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Tom Cruise deepfake creator on how he made viral TikTok video


He’s sorry for faking us out.

The creator of recent, viral deepfake videos showing Tom Cruise practicing his golf swing, doing a magic trick and laughing at his own pratfall now says he did not mean to freak anyone out.

“I’d like to show people the technical possibilities of these things. I don’t intend to use it in any way where I would upset people — I just want to show them what’s possible in a few years,” Belgian visual effects artist Christopher Ume told the Guardian of the videos, which employ a Cruise impersonator, Miles Fisher, to pull off the ruse.

The series of startlingly lifelike videos — posted on a TikTok page titled “deeptomcruise” — featuring the faux action star emerged last week and have since accumulated millions of views and become a viral sharing sensation.

“I just strongly think that there should be laws to help with the responsible use of AI and deepfakes,” Ume said in the wake of his eye-opening — and eye-deceiving — endeavor.

A "deepfake" video shows tom Cruise playing golf.
A deepfake video shows Tom Cruise playing golf.
@deeptomcruise/TikTok

Ume and Fisher had previously worked together on a YouTube web series that imagined a 2020 presidential campaign run by the 58-year-old “Mission: Impossible” actor.

“A month later, he contacted me again, and said: ‘Let’s make a funny video … I’ll film myself in my garden and then you just make me look like Tom Cruise,’ ” Ume remembered. “And so we did that and he posted it — but he also created a TikTok account. He doesn’t know anything about the app, I don’t either, but then two days later, he sends me a screenshot: ‘Dude. Two and a half million views.’ ”

The rest is fake history.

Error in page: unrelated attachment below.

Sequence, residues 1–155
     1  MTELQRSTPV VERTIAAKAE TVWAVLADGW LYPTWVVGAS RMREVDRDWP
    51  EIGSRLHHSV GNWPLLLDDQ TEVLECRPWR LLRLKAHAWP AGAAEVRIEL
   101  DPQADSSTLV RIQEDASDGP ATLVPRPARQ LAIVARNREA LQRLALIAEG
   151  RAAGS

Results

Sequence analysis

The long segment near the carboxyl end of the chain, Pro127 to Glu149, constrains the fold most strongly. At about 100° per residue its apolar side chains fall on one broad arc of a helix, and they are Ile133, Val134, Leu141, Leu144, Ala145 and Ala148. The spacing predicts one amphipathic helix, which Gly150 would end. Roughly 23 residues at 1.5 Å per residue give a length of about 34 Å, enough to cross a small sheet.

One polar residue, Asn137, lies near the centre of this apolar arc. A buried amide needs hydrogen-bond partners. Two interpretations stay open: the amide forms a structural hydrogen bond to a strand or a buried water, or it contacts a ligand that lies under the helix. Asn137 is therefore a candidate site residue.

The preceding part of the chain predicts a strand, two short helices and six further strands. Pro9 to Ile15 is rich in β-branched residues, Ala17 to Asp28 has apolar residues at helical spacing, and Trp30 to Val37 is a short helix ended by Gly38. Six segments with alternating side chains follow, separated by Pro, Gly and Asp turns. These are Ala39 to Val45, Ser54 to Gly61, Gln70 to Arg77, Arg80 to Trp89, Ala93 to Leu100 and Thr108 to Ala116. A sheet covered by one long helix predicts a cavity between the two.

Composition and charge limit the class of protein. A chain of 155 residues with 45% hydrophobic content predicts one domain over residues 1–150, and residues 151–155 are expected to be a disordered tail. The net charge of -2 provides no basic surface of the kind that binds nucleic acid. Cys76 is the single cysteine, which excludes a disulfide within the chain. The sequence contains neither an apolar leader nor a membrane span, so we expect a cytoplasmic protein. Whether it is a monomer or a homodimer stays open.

But Ume said he never intended to pull one over on the public; he simply wanted to step up his work game.

“When I started doing video and working on my projects, just in general, I always had a dream. I would like to work for Peter Jackson on ‘The Lord of the Rings,’ ” he told the Guardian. “I’m saying this in every interview: Hey, Peter, if you’re reading this, contact me.”

So-called deepfake technology has perplexed the public for years. In 2019, a freaky video fused Cruise’s face on that of “Barry” star Bill Hader during a 2008 interview on “Late Night with David Letterman.” And deepfake porn has even found a peculiarly specific pop culture target: K-pop stars.

Meanwhile, technology experts are slamming the infusion of deepfakes into pop culture and the world in general.

“Deepfakes will impact public trust, provide cover & plausible deniability for criminals/abusers caught on video or audio, and will be (and are) used to manipulate, humiliate, & hurt people,” Rachel Tobac, the CEO of online security company SocialProof, said in a recent tweet, adding they had “real world safety, political etc impact for everyone.”

 





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